Today February 21, is the day of my father's General Petro Grigorenko death.
Petro Grigorenko is one of the pioneers of the Movement for Human Rights in the defunct USSR. It became widely known in the mid-1960s. His brochure about the initial period of the Soviet-German clash during World War II dealt one of the first blows to the communist legend about the "peace-loving" USSR and the so-called "treacherous attack" of the Nazis on the "peaceful" USSR.
The late general did a lot for the rights of discriminated national and religious minorities. He is especially well known as a defender of the rights of deported peoples to repatriation and his memory is dear to many, especially to the Crimean Tatar people.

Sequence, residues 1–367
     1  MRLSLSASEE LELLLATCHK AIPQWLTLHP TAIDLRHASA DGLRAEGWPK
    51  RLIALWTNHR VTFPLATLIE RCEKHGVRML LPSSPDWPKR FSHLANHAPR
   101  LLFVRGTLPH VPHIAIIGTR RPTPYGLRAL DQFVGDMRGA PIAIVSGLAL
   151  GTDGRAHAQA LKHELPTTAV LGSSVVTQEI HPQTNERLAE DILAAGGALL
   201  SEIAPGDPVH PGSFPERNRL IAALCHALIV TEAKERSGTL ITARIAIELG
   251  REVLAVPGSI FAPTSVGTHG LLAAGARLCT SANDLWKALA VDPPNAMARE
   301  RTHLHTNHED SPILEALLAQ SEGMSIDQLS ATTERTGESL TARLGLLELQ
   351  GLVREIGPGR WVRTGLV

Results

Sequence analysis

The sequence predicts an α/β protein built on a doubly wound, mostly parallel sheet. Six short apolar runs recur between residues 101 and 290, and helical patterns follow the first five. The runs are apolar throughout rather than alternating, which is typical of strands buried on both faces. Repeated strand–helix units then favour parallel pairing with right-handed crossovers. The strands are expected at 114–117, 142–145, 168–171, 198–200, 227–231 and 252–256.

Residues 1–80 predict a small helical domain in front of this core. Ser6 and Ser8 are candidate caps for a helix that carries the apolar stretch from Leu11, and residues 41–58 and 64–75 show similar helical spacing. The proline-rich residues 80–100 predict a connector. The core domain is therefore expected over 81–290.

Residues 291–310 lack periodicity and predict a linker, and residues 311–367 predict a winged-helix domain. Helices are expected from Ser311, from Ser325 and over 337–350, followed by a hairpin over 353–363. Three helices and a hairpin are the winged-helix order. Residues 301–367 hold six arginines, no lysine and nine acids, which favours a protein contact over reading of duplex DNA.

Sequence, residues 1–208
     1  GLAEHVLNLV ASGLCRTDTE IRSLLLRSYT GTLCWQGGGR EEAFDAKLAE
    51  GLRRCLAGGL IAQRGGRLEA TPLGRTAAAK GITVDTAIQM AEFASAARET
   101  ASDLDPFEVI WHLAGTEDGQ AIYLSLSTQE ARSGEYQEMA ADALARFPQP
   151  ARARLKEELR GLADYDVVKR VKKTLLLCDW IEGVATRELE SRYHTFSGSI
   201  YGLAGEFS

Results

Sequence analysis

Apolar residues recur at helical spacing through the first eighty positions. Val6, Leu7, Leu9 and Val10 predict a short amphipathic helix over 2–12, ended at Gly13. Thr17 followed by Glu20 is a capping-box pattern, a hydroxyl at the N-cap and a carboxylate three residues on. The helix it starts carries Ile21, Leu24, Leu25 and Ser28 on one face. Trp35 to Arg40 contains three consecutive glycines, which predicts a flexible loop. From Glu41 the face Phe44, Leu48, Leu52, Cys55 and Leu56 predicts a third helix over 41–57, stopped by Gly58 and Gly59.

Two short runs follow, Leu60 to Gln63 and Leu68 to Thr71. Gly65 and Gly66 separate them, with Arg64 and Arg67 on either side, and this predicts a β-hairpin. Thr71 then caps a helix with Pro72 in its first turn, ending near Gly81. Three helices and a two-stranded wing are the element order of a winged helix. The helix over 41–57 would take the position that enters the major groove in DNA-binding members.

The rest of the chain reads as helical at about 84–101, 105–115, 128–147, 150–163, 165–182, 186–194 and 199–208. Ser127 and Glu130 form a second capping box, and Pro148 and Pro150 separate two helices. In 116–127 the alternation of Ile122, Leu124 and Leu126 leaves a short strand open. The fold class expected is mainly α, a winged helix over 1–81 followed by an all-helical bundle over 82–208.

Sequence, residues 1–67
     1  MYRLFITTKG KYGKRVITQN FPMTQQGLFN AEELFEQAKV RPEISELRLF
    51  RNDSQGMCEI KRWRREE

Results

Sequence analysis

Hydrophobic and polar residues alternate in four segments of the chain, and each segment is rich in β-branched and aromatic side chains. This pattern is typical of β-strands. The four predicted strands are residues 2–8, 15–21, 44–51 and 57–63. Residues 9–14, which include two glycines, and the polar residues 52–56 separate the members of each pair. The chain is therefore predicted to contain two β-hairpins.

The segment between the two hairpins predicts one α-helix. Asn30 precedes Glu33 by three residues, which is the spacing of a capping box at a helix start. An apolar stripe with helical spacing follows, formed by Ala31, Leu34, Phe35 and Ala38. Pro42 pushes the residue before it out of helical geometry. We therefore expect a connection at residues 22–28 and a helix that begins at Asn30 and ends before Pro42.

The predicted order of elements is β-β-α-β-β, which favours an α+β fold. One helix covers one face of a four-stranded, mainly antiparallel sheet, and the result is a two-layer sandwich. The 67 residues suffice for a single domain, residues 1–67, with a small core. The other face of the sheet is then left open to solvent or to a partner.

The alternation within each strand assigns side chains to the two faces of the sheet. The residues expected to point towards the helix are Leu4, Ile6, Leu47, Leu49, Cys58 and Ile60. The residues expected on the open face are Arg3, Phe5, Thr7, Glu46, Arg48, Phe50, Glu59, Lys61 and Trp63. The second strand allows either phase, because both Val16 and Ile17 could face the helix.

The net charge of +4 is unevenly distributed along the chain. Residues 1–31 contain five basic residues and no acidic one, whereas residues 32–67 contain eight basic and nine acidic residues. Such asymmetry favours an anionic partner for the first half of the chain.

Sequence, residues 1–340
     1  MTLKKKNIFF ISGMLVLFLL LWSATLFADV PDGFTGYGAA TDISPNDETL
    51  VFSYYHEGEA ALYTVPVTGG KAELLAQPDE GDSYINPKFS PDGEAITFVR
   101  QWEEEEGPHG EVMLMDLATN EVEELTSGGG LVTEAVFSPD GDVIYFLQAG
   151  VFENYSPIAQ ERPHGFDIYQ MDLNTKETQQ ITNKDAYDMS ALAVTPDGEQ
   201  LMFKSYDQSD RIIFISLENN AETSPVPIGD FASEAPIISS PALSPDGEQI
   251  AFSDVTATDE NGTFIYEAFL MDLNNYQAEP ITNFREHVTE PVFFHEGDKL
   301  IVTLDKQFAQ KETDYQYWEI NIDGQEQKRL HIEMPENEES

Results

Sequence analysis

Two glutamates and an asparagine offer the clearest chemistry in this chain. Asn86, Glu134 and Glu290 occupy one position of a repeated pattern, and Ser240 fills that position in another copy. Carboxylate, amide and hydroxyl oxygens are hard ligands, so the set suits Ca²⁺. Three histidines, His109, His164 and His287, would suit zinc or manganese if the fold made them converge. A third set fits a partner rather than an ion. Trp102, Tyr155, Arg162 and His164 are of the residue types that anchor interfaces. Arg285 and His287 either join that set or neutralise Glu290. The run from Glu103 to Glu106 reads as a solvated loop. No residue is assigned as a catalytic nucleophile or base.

The general has been twice imprisoned and finally stripped of his Soviet citizenship, spent the last ten years in exile, where until the last day he continued the noble cause of defending human rights. A tireless publicist, he published a number of works, many of which have been translated into many languages. His autobiographical book "Only rats can be found in the underground" (in English translation the title of the book is "Memoirs") became especially popular.
Staying true to his motherland Ukraine, the late general never forgot about the pain of the discriminated against, setting an example of genuine, not ostentatious, internationalism.